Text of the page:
How to Search for a Contractor's License in California
The Contractors State License Board (CSLB) licenses and regulates 44 classes of contractors. Currently, there are over 250,000 licensed contractors in California available for hire. You can verify whether your prospective contractor has a valid CSLB-issued license using the Uhire professional license search or the CSLB's Check a License page (these tools let you conduct searches via the contractor's personal name, business name, or license number).
Penalty for Hiring a Contractor Without a License in California
While there are no specific penalties outlined for hiring an unlicensed contractor in California, there are several disadvantages to doing so:
- You risk hiring an unqualified and incompetent contractor, resulting in shoddy and subpar service delivery.
- Unlicensed contractors are also likely to be uninsured and bonded. This invariably means that you can be held liable for any injuries and property damage that may occur during the project.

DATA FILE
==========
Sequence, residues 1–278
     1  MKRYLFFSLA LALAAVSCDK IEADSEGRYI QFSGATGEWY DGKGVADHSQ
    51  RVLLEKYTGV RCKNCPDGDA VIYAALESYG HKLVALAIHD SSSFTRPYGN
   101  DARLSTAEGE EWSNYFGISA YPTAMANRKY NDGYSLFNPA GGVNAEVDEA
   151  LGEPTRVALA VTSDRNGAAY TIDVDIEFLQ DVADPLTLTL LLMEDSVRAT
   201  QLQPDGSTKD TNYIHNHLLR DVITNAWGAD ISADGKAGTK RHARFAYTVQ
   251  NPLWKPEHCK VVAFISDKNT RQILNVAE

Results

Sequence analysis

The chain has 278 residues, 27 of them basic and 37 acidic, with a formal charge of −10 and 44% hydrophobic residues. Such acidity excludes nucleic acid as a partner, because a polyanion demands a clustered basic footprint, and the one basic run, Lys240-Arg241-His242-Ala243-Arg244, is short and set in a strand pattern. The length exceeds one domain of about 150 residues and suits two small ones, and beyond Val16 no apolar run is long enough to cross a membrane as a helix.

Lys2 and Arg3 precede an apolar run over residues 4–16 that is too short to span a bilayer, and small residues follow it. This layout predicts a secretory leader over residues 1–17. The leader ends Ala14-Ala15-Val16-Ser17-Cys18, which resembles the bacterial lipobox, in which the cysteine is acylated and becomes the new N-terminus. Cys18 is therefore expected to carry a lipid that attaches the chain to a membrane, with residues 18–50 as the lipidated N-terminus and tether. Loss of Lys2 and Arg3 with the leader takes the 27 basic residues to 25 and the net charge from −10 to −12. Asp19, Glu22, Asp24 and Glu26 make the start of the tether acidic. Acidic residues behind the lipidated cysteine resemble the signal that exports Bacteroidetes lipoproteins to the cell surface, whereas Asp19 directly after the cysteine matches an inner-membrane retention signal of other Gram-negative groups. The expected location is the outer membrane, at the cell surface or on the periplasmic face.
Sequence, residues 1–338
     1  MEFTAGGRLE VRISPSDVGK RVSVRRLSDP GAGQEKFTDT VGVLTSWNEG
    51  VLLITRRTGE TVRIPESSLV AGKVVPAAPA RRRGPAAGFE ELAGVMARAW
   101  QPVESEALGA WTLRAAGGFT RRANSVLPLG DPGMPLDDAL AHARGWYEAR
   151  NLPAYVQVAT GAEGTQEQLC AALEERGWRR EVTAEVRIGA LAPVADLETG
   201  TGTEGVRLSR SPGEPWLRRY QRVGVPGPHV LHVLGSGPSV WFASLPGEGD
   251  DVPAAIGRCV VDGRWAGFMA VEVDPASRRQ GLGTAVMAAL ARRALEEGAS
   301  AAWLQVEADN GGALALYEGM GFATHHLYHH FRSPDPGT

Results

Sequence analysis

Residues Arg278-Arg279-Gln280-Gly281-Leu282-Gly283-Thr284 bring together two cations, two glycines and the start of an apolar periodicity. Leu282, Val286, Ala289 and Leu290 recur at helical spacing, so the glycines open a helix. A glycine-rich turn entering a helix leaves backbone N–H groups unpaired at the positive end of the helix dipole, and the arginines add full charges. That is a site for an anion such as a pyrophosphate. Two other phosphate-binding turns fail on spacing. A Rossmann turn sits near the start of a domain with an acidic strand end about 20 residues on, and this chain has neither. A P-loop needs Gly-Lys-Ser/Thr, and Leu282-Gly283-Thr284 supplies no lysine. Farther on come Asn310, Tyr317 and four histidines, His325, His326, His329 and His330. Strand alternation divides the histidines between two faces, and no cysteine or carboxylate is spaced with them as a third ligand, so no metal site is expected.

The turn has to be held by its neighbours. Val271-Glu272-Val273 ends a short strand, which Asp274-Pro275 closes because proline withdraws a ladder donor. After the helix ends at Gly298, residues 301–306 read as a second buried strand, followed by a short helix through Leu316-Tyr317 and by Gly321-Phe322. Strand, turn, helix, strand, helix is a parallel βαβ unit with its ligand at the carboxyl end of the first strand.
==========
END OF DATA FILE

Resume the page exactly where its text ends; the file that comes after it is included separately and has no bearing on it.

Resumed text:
- Unlicensed contractors cannot pull required permits from local building departments. Completing projects without all necessary permits can impact your property's value negatively and result in financial penalties for building code violations.
On the other side, be aware that it is a misdemeanor to practice as a contractor without a license in California; violators face penalties of up to six months in jail and fines of up to $15,000 (repeat offenders face even steeper penalties).
How Much Does a Contractor Charge in California?
Specialty contractors typically charge an average of $50 - $150 per hour for their services, and their overall fees are determined by the complexity and labor intensity of the tasks they are hired for.